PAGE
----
An important milestone in the Division’s international programme occurred in July 2011 with the signing of a memorandum of understanding among the US Department of Justice, the Federal Trade Commission and China’s three competition agencies (the People’s Republic of China National Development and Reform Commission, Ministry of Commerce, and State Administration for Industry and Commerce). The memorandum promotes communication and cooperation among the five agencies and is also a sign of the strengthening relationship among the competition enforcers of the two countries. The memorandum provides for periodic, high-level consultations among all five agencies, as well as separate communications between individual agencies. It also lists several specific avenues for cooperation, including:
- exchanges of information and advice about competition law enforcement and policy developments;
- training programmes, workshops and other means to enhance agency effectiveness;
- consultation on proposed laws, regulations and guidelines; and
- cooperation on specific cases or investigations, when in the investigating agencies’ common interest.
The memorandum is the latest example of the growing importance of the non-US competition world on the work of the Division. An important Division priority is further integrating the consideration of international issues into the day-to-day work of the Division. The role of Rachel Brandenburger, an experienced international competition-law practitioner, as special advisor to the assistant attorney general on international matters reflects this commitment. In particular, the Division is focusing on being mindful of the international implications of its actions from the start of an investigation to the remedial phase. In today’s globalised world, hardly a day goes by when the Division’s lawyers and economists are not on a video or telephone conference with another competition enforcer somewhere around the globe. The Division continues to develop ‘pick-up-the-phone’ relationships with the increasing number of non-US competition agencies that have an interest in the coordinated investigation of mergers, unilateral conduct or cartel activity.For example, the Division has cooperated on merger reviews in 2011 with agencies from Canada, Mexico, the European Union, the United Kingdom, Germany, Japan, Australia, South Africa, Brazil, Colombia and others. Building on these existing relationships and creating new ones are keys to the Division’s vision of tomorrow’s competition world.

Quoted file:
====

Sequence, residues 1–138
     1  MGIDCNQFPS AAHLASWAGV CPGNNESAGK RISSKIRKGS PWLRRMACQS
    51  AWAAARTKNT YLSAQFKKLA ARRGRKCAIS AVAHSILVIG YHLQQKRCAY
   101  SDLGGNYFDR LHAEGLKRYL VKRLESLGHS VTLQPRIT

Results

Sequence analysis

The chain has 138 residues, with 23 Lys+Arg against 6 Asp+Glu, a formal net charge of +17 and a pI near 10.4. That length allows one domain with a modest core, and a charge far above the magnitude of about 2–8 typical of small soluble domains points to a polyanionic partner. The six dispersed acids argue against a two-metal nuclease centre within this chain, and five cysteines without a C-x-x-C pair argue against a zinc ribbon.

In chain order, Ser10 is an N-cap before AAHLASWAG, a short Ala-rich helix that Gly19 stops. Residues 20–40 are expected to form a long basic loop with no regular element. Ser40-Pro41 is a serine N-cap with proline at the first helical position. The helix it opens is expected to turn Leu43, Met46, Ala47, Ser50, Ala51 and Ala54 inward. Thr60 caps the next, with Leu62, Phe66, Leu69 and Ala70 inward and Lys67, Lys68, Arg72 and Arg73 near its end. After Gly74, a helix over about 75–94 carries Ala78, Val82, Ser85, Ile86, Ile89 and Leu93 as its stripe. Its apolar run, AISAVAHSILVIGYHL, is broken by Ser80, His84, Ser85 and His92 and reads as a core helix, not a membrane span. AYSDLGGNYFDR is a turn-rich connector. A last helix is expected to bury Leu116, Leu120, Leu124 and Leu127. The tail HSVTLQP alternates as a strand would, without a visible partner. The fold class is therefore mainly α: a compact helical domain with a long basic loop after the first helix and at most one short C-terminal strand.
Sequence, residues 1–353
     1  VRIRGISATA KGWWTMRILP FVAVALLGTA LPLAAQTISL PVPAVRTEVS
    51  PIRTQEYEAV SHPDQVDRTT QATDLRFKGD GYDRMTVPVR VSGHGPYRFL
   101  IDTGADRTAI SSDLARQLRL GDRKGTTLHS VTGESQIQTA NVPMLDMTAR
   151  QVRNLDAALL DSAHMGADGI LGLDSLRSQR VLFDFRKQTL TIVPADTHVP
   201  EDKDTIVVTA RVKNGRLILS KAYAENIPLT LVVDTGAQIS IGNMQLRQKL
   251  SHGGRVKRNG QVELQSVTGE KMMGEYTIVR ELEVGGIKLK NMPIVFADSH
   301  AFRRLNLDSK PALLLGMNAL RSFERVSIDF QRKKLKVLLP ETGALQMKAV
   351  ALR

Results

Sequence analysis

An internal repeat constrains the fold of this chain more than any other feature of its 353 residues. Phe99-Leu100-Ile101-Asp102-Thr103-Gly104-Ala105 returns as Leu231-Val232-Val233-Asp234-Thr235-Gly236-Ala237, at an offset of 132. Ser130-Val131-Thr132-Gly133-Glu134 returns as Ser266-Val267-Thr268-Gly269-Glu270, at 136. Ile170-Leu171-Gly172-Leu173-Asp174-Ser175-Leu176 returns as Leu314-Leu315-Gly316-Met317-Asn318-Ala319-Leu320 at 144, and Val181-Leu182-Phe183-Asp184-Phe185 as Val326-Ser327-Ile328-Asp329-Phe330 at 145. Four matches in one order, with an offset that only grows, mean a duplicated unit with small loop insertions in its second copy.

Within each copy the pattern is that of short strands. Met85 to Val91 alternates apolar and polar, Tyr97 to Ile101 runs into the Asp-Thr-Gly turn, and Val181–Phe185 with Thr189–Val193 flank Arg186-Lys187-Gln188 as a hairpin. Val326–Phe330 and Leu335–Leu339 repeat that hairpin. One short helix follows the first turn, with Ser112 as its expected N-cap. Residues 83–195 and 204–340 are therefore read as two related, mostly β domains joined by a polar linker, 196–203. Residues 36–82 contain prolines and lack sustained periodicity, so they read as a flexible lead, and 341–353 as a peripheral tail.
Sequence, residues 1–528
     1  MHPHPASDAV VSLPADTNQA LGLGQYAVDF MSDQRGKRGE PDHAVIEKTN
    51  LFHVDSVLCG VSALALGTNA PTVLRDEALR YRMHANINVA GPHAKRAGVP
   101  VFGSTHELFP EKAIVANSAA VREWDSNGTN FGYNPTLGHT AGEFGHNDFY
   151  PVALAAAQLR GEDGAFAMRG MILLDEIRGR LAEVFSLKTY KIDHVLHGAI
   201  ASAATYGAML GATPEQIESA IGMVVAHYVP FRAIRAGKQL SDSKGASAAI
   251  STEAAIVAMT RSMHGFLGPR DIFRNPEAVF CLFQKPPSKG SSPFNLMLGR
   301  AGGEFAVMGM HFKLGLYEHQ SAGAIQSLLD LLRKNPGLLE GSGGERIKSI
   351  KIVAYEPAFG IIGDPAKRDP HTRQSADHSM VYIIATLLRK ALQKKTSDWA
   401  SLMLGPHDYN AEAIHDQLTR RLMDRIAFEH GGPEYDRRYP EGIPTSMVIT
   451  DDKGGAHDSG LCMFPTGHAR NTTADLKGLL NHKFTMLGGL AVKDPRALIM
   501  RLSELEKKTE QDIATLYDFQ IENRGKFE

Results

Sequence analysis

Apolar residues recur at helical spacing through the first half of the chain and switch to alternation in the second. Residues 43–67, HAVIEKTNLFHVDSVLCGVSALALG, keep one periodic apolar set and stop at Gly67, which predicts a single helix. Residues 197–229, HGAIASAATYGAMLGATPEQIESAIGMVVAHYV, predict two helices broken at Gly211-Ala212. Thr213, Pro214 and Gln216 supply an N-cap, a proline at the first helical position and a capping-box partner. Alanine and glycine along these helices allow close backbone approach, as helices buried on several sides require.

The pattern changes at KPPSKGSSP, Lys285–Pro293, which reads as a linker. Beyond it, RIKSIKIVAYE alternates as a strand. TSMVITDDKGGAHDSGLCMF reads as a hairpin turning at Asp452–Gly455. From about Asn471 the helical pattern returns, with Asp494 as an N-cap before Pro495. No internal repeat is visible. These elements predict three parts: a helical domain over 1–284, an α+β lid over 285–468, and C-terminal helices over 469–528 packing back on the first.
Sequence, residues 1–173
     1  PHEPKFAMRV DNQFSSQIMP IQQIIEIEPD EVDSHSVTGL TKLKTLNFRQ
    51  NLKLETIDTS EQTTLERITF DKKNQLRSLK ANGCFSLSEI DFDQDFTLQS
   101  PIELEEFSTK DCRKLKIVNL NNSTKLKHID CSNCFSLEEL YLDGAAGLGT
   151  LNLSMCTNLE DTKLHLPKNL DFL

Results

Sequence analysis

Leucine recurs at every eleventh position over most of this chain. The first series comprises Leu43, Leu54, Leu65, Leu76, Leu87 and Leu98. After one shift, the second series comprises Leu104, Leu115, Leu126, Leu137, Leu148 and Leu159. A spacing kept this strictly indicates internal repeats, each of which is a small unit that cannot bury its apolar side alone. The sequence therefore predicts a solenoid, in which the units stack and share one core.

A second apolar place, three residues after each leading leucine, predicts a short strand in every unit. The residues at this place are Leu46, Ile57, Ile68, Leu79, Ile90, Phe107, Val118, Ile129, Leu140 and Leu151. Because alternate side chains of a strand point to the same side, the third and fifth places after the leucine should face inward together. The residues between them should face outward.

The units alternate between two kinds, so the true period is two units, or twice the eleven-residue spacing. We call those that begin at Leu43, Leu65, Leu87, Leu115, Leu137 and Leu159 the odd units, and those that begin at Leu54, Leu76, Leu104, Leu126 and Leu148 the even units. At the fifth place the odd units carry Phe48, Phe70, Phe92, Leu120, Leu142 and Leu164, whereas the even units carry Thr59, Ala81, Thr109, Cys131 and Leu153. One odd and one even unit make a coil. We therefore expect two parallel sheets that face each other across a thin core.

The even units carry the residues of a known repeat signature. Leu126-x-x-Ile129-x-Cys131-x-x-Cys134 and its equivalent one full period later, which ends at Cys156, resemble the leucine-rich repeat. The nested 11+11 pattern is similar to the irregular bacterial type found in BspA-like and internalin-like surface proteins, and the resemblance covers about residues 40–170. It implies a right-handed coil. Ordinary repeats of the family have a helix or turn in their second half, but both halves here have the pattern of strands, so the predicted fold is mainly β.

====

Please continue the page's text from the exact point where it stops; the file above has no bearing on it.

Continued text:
The Division’s cooperation with fellow enforcers is premised on three principles advanced over a decade ago by the International Competition Policy Advisory Committee: transparency, cooperation and convergence. The Division’s cooperation efforts are also driven by the concepts of mindfulness, respect, trust and dialogue. Specifically, the Division strives to be mindful of the impact of its actions outside the United States and is dedicated to respecting the ideas of others and their differences. In addition, the Division seeks to build trust among competition enforcers and the business community, and it is similarly committed to ongoing dialogue among competition enforcers, businesses, consumers, practitioners, academics and the general public.